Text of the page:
Brunch at West Side Market Cafe and Rockettes

Yesterday was a fun little girls’ day out with two of my sisters, my mom and my 5 year-old niece.   A few months ago I picked up some tickets to go see the Sunday matinee performance of Rockettes Radio City Christmas Spectacular.    Again, as we did before going to see Wicked earlier in the year at PlayhouseSquare, we had brunch at the West Side Market Cafe.   Mostly, because I love the Benedict Arnold and hashbrowns, a big plate of eggs benedict with grilled tomato and chunks of avocado.     Despite my sisters’ fears that we’d be late for the show, our food at the cafe came pretty fast and we made it to the show 15 minutes early.  

The show was a lot of fun, especially for my mom and my 5 year-old niece.   I do think I appreciate productions with a storyline to follow more than I appreciated this, though it was a fun show to see regardless.   And the best part for me, which, in this politically correct world of ours truly shocked me that it hasn’t been axed from the show since 1933 when it first started, was the last scene, The Living Nativity.  This depiction of the nativity scene was beautiful, with a performance of “Hark the Herald Angels Sing!” and a narration of the following text:

One Solitary Life
He was born in an obscure village, the child of a peasant woman. He grew up in another obscure village, where He worked in a carpenter shop until He was thirty. Then for three years He was an itinerant preacher. He never had a family or owned a home. He never set foot inside a big city. He never traveled two hundred miles from the place He was born. He never wrote a book, or held an office. He did none of the things that usually accompany greatness. While He was still a young man, the tide of popular opinion turned against Him. His friends deserted Him. He was turned over to His enemies, and went through the mockery of a trial. He was nailed to a cross between two thieves. While He was dying, His executioners gambled for the only piece of property He had — His coat. When He was dead, He was taken down and laid in a borrowed grave. Two thousand years have come and gone, and today He is the central figure for much of the human race. All the armies that ever marched and all the navies that ever sailed and all the parliaments that ever sat and all the kings that ever reigned, put together, have not affected the life of man upon this earth as powerfully as this “One Solitary Life.”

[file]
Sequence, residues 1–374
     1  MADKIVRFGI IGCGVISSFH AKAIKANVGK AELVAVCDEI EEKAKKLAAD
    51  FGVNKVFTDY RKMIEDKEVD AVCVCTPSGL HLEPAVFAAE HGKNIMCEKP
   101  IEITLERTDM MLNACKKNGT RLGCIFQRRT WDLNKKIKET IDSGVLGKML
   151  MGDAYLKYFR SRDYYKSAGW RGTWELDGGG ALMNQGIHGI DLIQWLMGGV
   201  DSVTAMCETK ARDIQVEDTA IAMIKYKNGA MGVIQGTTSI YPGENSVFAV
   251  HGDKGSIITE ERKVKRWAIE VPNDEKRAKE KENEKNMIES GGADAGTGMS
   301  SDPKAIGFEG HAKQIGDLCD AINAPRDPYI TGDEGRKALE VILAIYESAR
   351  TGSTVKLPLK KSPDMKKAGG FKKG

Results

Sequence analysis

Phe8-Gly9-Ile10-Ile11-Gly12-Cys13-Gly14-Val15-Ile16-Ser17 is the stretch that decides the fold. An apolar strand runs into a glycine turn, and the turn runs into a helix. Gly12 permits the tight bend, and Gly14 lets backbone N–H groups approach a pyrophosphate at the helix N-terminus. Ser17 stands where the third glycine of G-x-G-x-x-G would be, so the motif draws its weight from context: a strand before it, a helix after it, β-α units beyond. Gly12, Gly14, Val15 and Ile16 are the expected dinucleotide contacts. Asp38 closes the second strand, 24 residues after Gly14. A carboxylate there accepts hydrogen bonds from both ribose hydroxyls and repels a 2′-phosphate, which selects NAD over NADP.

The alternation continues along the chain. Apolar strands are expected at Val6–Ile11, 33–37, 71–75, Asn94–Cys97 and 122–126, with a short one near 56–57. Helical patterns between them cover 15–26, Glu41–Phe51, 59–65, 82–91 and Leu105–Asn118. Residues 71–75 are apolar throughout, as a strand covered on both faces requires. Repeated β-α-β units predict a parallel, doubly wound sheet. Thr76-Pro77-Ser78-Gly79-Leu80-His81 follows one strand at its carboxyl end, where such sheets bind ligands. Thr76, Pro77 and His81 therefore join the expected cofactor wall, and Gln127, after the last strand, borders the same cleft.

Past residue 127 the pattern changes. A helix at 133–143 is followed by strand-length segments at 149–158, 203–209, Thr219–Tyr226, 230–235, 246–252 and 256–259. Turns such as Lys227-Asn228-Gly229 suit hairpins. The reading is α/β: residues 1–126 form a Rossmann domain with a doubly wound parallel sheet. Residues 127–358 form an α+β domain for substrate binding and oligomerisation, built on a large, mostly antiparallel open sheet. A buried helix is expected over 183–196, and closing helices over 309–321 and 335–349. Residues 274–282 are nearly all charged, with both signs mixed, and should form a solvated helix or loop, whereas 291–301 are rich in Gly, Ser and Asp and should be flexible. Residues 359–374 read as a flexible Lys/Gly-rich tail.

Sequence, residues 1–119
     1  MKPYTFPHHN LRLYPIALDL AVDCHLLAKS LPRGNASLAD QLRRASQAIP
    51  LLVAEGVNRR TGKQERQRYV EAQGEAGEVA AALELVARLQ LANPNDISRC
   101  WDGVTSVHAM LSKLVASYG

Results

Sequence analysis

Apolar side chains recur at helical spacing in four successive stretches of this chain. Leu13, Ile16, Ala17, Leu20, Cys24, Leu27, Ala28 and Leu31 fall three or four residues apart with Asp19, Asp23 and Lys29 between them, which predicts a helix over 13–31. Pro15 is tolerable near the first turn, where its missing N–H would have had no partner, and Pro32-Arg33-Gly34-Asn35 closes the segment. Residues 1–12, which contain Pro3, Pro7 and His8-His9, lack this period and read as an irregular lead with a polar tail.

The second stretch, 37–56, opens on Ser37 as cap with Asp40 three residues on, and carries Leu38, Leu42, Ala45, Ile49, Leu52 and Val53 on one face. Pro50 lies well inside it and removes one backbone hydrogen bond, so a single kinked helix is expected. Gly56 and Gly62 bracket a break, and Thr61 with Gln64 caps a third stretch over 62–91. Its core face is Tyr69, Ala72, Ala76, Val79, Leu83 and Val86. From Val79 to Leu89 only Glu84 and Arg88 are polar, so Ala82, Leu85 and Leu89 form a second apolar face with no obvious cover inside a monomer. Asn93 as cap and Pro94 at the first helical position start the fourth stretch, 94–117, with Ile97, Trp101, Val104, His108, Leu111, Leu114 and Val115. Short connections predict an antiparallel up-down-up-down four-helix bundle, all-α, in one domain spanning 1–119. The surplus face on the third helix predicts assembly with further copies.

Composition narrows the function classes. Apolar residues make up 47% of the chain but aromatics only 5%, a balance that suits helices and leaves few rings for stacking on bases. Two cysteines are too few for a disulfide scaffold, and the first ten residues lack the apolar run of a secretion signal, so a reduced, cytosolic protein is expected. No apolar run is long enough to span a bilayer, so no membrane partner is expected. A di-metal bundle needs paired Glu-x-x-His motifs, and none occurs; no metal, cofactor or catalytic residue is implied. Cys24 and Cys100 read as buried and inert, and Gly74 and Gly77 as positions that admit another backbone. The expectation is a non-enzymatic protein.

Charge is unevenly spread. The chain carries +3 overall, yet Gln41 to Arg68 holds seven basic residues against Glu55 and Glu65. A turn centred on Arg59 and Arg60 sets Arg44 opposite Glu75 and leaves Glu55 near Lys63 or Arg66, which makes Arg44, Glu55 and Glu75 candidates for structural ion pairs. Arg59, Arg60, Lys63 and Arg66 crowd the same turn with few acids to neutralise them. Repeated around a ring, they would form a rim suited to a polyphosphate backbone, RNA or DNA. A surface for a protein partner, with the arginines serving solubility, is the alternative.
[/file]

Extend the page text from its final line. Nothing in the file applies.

The origins of this essay can be found here.

Until next time,

Lorelei

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